After travel warnings, Philippines boosts resort security

After travel warnings, Philippines boosts resort security


Philippine military commanders are heightening security at tourist hot spots following travel warnings by the United States, the United Kingdom and Canada to vacationers headed for resorts in the Sulu and Celebes seas.

Philippine Army spokesman Col. Edgar Arevalo said Philippine forces are setting up extra security checkpoints in tourist areas, although he does not have intelligence indicating a specific threat, The Daily Telegraph, a British newspaper, reported.

The U.S. Embassy in Manila in early May 2017 said it had “credible information” that terrorists in Palawan province were plotting to kidnap foreign nationals. The warning included Puerto Princesa City and areas near Puerto Princesa Subterranean River National Park, pictured. The embassy urged travelers to “avoid large crowds and gatherings and remain vigilant at all times.”

After the advisory was issued, Canada and the United Kingdom issued similar warnings, but they included additional destinations in the central Philippines.

While the Philippine military increases security to protect visitors, it also is engaged in an intense crackdown on the Abu Sayyaf Group, a terrorist organization with links to the Islamic State of Iraq and Syria.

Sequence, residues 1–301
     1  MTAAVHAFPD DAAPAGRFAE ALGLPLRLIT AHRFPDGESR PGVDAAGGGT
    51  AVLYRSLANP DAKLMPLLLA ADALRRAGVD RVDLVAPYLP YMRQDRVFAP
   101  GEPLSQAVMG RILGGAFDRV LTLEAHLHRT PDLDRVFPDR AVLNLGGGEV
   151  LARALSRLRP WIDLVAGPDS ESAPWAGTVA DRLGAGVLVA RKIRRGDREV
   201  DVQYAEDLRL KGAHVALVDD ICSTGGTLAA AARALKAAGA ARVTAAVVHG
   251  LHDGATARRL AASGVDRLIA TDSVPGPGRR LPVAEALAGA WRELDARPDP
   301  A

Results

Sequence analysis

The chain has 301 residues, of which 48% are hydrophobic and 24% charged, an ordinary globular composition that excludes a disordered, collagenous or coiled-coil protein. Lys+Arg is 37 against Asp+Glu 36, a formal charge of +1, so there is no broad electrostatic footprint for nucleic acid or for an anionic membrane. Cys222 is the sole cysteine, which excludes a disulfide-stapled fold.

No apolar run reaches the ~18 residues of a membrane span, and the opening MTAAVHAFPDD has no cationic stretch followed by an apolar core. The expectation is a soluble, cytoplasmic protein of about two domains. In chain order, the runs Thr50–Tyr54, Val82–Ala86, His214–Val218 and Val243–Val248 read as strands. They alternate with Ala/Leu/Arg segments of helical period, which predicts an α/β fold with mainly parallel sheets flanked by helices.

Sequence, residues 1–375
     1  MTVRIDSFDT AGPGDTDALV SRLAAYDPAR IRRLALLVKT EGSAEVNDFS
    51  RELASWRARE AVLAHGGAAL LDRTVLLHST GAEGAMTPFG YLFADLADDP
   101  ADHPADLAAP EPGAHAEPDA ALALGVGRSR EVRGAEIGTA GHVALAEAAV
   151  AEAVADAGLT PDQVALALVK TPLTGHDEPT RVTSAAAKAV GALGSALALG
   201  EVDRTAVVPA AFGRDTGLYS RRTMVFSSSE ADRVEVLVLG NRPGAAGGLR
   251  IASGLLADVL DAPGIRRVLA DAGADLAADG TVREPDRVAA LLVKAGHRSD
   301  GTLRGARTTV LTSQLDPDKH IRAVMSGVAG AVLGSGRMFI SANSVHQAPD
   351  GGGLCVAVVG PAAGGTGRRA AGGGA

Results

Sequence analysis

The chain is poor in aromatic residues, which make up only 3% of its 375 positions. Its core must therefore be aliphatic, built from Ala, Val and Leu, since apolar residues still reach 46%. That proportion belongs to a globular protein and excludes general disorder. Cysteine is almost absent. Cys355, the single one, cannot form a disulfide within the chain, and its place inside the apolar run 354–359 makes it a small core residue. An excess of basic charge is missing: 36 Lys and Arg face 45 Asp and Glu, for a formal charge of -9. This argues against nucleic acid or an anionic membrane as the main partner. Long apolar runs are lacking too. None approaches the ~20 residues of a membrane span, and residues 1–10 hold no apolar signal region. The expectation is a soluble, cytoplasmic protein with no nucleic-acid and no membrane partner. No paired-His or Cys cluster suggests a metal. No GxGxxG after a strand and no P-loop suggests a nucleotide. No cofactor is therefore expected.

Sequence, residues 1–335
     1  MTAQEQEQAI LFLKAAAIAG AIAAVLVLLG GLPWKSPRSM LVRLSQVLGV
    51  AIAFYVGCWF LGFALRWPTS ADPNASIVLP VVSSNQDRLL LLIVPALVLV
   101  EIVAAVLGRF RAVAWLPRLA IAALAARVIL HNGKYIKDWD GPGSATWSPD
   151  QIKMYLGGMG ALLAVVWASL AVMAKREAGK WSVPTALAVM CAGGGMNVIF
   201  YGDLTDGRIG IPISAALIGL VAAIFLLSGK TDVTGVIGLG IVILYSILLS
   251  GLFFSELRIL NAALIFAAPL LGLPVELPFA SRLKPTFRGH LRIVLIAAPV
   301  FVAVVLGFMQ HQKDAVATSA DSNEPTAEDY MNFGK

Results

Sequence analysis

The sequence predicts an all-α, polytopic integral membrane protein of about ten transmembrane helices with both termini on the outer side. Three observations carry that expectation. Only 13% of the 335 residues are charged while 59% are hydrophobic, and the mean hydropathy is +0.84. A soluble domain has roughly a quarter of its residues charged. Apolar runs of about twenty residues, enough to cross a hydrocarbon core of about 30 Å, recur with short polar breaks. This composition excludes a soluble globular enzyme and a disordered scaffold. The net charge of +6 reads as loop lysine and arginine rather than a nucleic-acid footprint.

Philippine military forces in April 2017 foiled an attempted kidnapping raid on Bohol island by Abu Sayyaf militants. A fierce gun battle broke out when Army Soldiers found the militants one day after they arrived at the island on speedboats, the Daily Mail, a British newspaper, reported. Nine militants, three Philippine Soldiers and one police officer were killed. Another Abu Sayyaf fighter died in police custody.

Abu Sayyaf regularly kidnaps foreigners and locals for ransom. The group wants to establish an Islamic state over several islands in the Philippines. In recent years, the militants also have attacked cargo and merchant ships, and those attacks spurred another travel advisory.

The U.S. Maritime Administration in early May 2017 issued a warning for U.S.-flagged vessels traveling through the Sulu and Celebes seas. Ship operators are advised to adhere to counterpiracy measures. The administration noted that 14 kidnappings and one murder have been reported in those areas over the past year. At least 10 kidnappings were linked to Abu Sayyaf.

Previously, only towing and fishing vessels were targeted. The Maritime Administration said that since October 2016, however, Abu Sayyaf Group has attacked three commercial vessels and one yacht. In November 2016, they boarded a German yacht and killed a crew member. Abu Sayyaf in February 2017 killed the remaining crew member after ransom was not paid.

Despite these attacks, the Philippine government says it is dismantling the terrorist group one battle at a time. The Armed Forces of the Philippines reported in May 2017 that it has killed 60 militants in 29 operations conducted since January 2017, The Philippine Daily Inquirer newspaper reported.